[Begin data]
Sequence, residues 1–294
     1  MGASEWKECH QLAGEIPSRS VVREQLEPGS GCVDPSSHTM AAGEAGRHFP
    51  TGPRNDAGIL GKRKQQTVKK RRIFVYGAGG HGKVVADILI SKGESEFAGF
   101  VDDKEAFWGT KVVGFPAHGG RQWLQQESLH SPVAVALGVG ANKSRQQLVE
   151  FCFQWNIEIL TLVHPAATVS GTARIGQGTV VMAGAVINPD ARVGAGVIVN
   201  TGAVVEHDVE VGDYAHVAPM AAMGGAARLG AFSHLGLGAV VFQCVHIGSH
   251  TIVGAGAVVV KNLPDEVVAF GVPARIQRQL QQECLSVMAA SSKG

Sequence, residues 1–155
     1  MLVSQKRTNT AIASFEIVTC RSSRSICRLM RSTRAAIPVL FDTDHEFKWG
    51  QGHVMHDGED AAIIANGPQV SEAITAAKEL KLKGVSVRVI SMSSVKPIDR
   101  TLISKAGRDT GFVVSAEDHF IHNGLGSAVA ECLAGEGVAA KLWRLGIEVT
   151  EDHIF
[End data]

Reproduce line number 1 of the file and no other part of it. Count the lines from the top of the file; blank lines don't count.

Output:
Sequence, residues 1–294